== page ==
Since the IRS released the final tangible property repair regulations, many commercial real estate and other businesses have been seeking to take advantage of key tax saving opportunities. Specifically, a key feature of the final regulations is that a taxpayer can claim an immediate loss on an asset disposition. Known as a partial asset disposition election, taxpayer can claim an immediate loss which results in a current year tax savings. The disposition election permits the taxpayer to recognize the loss on the disposition of a structural component of a building or a portion of a structural component (for example a building’s roof). To help clients, prospects and others understand the election; JLK Rosenberger has provided a brief summary below.
Partial Disposition Election Summary
As part of the new final tangible property repair regulations, the IRS now permits commercial real estate owners to make a partial disposition election. This means that a commercial property owner can make a disposition election when they replace the roof to the building. This is important because it allows the taxpayer to identify a portion of the asset (roof) even though the building is the asset for depreciation purposes. The election permits taxpayers to claim a loss on the disposed portion of the roof rather than depreciating both the old and new roof on the company’s books. What makes the election more attractive for taxpayers is that they can recognize the loss in the tax year it was incurred. This is in stark contrast to the prior regulations which required the asset be depreciated over the standard 39 year timeline. The bottom line – the tax benefit is realized almost immediately.
Disposition Election Example
Here is a simple example of how this typically works. Say a small office building was purchased for $390,000 and there is need to replace the roof. That would mean that after exactly ten years of depreciation, the taxpayer would have depreciated $100,000 of this amount because $390,000 divided by 39 years equals $10,000 a year.
If the roof needs to be replaced at that point, what the taxpayer can do is break the $390,000 of original cost and the $100,000 of accumulated depreciation into two smaller “sub-assets”: the roof and the building without the roof. And then the taxpayer can write off the remaining undepreciated portion of the roof. To keep the math very simple, suppose that the roof represents $39,000 of the original $390,000 or ten percent. That would mean that ten percent of the accumulated depreciation amounts to $10,000.And in this case, partial disposition treatment means the taxpayer shows on his or her tax return an asset that originally cost $39,000 and which had accumulated $10,000 of depreciation being disposed of for a $29,000 loss.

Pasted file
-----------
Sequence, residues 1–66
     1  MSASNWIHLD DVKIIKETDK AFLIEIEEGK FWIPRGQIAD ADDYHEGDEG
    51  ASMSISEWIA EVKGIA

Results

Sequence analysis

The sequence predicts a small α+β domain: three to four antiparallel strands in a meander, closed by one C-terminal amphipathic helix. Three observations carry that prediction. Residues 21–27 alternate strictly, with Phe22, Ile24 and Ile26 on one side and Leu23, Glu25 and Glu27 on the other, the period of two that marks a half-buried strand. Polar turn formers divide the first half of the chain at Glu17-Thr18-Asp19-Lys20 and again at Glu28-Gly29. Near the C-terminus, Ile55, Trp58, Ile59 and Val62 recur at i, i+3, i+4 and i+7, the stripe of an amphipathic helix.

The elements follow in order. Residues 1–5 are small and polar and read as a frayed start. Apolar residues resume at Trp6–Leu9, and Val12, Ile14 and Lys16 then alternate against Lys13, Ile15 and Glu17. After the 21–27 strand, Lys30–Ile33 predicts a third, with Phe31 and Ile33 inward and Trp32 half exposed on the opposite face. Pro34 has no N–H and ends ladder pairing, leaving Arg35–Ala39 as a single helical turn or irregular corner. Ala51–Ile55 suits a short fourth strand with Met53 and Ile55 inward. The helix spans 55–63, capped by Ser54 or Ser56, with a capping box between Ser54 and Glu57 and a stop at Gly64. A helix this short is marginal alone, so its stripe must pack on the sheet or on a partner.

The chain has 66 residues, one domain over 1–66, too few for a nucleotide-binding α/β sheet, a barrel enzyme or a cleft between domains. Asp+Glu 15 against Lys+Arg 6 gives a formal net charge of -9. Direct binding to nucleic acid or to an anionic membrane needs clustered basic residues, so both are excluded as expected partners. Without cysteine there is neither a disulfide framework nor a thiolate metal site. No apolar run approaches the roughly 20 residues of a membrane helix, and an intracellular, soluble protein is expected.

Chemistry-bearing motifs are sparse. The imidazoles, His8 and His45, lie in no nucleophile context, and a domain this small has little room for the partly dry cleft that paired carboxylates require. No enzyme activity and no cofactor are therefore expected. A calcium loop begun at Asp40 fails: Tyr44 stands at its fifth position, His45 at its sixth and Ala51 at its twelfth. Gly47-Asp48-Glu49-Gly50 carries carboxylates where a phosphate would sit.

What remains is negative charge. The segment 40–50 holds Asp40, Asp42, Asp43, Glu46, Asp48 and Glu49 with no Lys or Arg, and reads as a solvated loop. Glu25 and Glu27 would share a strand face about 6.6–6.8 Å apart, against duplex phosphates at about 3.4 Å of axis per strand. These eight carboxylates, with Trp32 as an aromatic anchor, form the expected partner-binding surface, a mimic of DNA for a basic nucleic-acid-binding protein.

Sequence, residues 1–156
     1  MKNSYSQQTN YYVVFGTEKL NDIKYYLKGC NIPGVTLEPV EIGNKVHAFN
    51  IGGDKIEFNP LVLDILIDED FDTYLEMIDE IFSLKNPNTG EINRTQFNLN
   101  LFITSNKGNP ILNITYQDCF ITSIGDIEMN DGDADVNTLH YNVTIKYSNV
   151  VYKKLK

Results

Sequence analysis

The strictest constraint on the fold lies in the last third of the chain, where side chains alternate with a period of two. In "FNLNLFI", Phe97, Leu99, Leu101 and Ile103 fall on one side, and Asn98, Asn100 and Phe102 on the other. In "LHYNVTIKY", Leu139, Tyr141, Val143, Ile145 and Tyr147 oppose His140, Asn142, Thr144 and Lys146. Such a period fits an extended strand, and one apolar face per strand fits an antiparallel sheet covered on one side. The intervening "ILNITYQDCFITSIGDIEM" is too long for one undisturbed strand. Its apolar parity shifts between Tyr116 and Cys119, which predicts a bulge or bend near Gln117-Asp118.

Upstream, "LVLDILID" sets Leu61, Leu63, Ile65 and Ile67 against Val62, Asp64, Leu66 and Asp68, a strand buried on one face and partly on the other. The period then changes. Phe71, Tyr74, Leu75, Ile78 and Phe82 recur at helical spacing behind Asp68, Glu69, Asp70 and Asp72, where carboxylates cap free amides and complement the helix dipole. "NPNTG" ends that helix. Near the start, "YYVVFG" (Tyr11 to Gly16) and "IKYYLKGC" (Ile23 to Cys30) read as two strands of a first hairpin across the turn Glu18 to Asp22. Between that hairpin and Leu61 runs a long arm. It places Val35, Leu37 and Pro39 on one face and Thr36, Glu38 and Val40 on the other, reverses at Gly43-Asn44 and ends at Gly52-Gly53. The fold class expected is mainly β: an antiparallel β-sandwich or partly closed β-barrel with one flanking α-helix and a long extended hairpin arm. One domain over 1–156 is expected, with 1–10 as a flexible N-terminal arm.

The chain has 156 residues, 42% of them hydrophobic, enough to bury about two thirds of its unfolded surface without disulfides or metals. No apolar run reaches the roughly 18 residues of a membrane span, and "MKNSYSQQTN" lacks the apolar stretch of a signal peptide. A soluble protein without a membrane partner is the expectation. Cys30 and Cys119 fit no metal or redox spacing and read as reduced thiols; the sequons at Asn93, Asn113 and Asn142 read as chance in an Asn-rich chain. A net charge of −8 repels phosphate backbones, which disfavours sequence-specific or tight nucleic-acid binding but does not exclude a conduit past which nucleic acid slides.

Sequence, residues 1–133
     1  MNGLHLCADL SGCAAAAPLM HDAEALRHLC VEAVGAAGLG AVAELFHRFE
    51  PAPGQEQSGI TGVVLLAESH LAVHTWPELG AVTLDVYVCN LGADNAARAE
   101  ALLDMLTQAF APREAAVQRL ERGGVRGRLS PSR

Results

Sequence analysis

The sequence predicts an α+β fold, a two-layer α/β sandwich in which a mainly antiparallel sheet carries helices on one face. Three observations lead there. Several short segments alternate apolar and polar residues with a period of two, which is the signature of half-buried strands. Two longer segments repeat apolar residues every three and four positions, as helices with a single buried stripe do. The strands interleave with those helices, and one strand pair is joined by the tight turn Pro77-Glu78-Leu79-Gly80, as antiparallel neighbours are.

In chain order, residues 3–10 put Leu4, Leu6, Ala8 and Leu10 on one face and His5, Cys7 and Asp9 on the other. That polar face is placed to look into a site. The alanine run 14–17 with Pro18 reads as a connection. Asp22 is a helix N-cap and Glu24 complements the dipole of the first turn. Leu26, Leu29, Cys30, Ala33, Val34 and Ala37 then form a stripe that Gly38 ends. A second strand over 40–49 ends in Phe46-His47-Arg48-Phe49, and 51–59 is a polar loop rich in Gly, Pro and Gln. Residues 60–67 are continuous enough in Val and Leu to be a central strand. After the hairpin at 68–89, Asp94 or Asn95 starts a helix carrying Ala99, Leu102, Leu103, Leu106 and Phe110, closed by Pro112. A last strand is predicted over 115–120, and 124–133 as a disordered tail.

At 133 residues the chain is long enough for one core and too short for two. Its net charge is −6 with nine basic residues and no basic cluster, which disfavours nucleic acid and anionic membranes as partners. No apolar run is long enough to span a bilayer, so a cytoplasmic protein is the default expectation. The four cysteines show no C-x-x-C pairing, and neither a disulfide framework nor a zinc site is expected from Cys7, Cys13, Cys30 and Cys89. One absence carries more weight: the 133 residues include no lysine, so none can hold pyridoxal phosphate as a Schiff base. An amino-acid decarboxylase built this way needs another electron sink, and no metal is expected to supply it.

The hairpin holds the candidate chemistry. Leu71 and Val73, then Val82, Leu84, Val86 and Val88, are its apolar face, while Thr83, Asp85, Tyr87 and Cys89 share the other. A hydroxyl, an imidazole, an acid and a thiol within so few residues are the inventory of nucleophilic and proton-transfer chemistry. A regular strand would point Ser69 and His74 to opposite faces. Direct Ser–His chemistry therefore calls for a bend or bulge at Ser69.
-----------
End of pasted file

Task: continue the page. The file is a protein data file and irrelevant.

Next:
The good news is that the election is not available only to building owners; Landlords that renovate space for a tenant are also eligible to make the election. To the extent the portions of leased space are renovated, removed or otherwise significantly changes, the landlord can write off the remaining basis of the disposed asserts. This is much more favorable than prior regulations which allowed the landlord to take a loss once a lease was terminated, but not before. Again the immediate tax savings is quite attractive for many. In most cases a partial asset disposition is elective, but the IRS has deemed that under certain circumstances that it can be mandatory. This includes disposition from a casually event such a hurricane, tornado, fire or other such event. It is also required in the case of a like-kind exchange.
The partial asset disposition election is a powerful tax savings tool for qualifying property owners and landlords. While rules governing when it can be used may be complex, the bottom line savings is easy to understand! For this reason, it’s essential to understand how it works to determine if your company can take advantage of the benefit. For additional information on the partial asset disposition election and potential savings for your company, JLK Rosenberger wants to help! For additional information please contact us at 949-860-9902, or click here to contact us. We look forward to speaking with you soon.